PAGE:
Mazda 3: car review
The new Mazda 3 looks good and drives well.
What is it?
The new Mazda 3 is a small family car to rival the Ford Focus and Volkswagen Golf. Buyers have a choice of hatchback or Fastback (saloon) versions.
How safe is it?
Every car comes with high-tech safety aids including Smart City Brake Support and Secondary Collision Reduction. The Mazda 3 has a five-star rating from Euro NCAP.
Who should buy one?
The new 3 will appeal to drivers looking for an alternative to the most popular mainstream small cars, especially if they value style and driver appeal.
DRIVING AND PERFORMANCE
Mazda has a knack of making cars which are entertaining to drive, and the new 3 is one of its best efforts. It’s agile, balanced and plain good fun.
The steering is precise and pleasingly direct. There’s plenty of grip and body movements are kept firmly in check over dips and crests.
You could say the same of the larger Mazda 6, although in that car an overly stiff ride is the price to be paid for a sporty drive. That’s not the case with the 3. It rides firmly but is never harsh, especially on the 16-inch alloys fitted to most models.
Go for the top-spec Sport Nav version and the wheels grow to 18 inches. The ride is a little less forgiving and the big tyres also kick up more road noise, although there’s no denying that the larger alloys suit the 3’s muscular and distinctive looks.
Whichever wheels and tyres are fitted, the volume of road noise is our biggest criticism of the 3 from the driver’s seat. It’s one of few areas in which the 3 struggles to live with the likes of the Skoda Octavia and Volkswagen Golf.
Mazda expects most buyers to choose the 120PS (118bhp) 2.0-litre petrol engine. It needs to be revved hard if you’re in a hurry as it’s short on mid-range muscle compared with the equivalent Volkswagen TSI unit. The 165PS (163bhp) version of the same engine is similarly lazy at low revs but adds some welcome top-end punch. There’s also a 1.5-litre petrol which we haven’t had the chance to test.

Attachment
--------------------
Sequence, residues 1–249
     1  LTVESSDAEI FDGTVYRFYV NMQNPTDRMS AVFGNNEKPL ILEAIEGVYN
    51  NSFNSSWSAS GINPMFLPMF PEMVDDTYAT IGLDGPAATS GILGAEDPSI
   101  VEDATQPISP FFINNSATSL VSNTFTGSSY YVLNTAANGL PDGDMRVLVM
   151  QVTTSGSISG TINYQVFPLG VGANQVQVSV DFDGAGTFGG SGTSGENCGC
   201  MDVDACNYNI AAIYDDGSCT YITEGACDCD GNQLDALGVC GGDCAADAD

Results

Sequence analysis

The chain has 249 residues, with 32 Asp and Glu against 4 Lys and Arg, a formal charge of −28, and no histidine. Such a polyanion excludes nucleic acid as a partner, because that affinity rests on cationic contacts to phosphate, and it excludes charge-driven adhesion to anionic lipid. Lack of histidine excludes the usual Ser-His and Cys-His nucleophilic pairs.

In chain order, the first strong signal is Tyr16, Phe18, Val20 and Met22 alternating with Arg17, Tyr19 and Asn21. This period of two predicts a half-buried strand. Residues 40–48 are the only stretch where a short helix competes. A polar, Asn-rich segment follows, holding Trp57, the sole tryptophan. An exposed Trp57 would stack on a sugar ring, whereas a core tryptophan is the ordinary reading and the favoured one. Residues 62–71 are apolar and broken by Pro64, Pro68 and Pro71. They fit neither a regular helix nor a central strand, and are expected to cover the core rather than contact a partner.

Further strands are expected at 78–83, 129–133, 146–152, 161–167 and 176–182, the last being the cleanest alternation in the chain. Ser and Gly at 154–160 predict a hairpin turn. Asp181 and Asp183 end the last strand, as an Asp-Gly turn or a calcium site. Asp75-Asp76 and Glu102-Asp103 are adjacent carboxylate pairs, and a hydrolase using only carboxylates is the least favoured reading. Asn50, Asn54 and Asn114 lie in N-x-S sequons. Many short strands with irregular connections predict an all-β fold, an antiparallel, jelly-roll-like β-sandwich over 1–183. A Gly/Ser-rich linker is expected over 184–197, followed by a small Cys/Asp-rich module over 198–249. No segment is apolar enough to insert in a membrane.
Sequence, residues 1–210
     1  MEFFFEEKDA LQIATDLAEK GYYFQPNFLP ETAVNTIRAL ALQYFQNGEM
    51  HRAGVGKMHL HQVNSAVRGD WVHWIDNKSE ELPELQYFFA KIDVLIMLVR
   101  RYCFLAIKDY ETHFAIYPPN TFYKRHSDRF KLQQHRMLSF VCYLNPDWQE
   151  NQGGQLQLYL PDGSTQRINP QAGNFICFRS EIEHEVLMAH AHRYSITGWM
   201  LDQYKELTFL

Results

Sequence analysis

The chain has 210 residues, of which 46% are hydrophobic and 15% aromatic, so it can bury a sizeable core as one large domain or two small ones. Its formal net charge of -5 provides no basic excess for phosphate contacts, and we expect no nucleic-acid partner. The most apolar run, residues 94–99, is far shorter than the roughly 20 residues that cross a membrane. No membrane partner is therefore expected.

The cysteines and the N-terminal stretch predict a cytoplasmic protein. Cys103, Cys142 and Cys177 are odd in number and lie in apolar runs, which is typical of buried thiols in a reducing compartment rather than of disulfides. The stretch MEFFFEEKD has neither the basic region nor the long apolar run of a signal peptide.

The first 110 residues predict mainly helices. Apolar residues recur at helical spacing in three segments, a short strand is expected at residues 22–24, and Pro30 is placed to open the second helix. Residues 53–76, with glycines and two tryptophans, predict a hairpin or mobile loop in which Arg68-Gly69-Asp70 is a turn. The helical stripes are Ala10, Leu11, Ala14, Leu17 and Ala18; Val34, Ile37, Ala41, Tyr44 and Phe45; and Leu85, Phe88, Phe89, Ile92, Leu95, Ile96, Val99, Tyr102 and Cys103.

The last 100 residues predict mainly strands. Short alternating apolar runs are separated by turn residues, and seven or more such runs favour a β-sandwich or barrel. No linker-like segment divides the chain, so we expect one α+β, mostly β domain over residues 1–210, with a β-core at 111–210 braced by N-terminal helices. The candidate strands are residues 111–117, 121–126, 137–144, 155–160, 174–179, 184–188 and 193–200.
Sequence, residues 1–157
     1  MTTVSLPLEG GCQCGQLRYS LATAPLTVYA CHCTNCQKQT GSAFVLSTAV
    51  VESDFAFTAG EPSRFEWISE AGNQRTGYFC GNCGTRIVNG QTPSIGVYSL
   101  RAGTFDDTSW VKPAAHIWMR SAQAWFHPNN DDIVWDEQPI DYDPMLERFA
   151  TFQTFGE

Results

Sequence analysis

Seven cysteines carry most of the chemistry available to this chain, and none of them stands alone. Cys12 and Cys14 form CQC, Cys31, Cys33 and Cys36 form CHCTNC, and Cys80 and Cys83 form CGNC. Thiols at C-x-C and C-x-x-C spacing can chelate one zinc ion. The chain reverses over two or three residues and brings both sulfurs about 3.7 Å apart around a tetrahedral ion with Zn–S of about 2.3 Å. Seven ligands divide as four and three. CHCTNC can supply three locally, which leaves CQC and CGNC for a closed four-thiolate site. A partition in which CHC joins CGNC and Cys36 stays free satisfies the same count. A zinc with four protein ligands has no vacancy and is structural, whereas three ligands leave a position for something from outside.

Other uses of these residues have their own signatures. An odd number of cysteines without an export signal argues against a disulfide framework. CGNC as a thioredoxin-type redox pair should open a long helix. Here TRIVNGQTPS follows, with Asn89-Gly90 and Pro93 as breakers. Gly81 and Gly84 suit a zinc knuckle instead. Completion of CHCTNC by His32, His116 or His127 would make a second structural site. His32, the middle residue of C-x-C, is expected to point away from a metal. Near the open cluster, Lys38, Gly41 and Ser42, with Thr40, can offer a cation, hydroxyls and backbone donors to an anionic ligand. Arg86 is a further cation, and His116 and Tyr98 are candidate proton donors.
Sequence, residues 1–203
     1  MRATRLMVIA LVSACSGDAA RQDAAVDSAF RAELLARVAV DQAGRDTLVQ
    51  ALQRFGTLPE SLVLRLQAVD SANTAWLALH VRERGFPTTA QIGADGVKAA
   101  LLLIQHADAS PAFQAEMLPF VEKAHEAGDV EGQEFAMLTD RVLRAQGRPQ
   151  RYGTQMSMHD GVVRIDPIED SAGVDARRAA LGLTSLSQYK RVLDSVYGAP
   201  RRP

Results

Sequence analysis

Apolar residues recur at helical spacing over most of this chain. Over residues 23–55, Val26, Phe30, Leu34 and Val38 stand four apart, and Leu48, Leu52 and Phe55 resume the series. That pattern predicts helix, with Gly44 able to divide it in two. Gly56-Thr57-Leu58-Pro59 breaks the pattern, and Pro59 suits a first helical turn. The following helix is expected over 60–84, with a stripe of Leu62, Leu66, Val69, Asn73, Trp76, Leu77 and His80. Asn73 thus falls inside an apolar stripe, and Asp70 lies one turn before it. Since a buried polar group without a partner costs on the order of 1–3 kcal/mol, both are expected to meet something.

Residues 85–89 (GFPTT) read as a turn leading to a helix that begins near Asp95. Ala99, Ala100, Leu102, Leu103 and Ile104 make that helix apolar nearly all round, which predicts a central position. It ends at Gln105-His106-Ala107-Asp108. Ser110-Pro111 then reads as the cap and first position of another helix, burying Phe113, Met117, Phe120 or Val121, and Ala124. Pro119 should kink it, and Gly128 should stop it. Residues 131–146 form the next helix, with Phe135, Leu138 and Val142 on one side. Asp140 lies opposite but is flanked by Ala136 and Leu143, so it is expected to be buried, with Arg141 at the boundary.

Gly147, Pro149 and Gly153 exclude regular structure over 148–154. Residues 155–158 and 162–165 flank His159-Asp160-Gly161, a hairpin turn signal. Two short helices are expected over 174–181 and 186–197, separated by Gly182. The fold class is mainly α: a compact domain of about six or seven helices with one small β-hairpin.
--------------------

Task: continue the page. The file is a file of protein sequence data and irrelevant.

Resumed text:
Of the versions we have driven, the 2.2-litre diesel is our favourite. It pulls strongly from low revs, has plenty of poke for swift and confident overtaking, and is quiet and refined.
SPACE AND PRACTICALITY
There’s plenty of room for the driver and front seat passenger in the Mazda 3, and a wide range of adjustment for the seat and wheel. After several hours of driving we had no aches or pains. The quality of finish shows a big improvement over the previous-generation 3, with soft-touch plastics on top of the dashboard and a design which rests easy on the eye.
Take one look at the sloping roof and you might expect headroom to be tight in the back, but it’s actually surprisingly generous. There’s enough legroom for one six-footer to sit behind another, but if cabin space is a priority then the Skoda Octavia is much roomier.
The 3 comes in two bodystyles: a five-door hatchback and the four-door saloon, which Mazda calls a Fastback. With the rear seats upright, the Fastback has 419 litres of room for bags while the hatchback has 364 litres. Fold the back seats down and there’s a near-flat boot floor.
Despite being lighter than the car it replaces, Mazda claims the new 3 protects occupants better in a crash, partly due to the extensive use of ultra-high tensile steels in the body structure. That’s borne out by a five-star rating from safety experts, Euro NCAP. Even entry-level cars come with high-tech safety aids such as Smart City Brake Support, which helps prevent or reduce the severity of low-speed impacts by automatically applying the brakes if the driver fails to react.
Few other manufacturers equip their entry-level cars so thoroughly. Even the most basic SE model has a seven-inch colour touchscreen, a six-speaker stereo, 16-inch alloy wheels, air conditioning, Bluetooth connectivity and apps for streaming internet radio or connecting to social media. Upgrades on SE-L cars include dual-zone climate control, cruise control and heated seats, while Sport Nav cars have a leather interior, an uprated stereo, a digital speedometer and a head-up display.
Prices start from £16,695. That’s more than you’ll pay for the basic versions of some rivals, but in truth it’s a very competitive price if you compare like for like in terms of spec. Running costs promise to be low, thanks to Mazda’s ‘Skyactiv’ technology – a range of measures to improve economy and reduce emissions. The diesel Fastback promises 72.4mpg on the combined cycle and emits just 104g/km of carbon dioxide. Insurance groupings range from 13 to 24.
The new Mazda 3 looks good and drives well.
AT A GLANCE:
Performance:0-62mph in 8.9 seconds
Economy: 55.4mpg combined
Insurance: Group 17
Tax: Band C (£o first year)
Figures for the 2.0-litre 120PS SE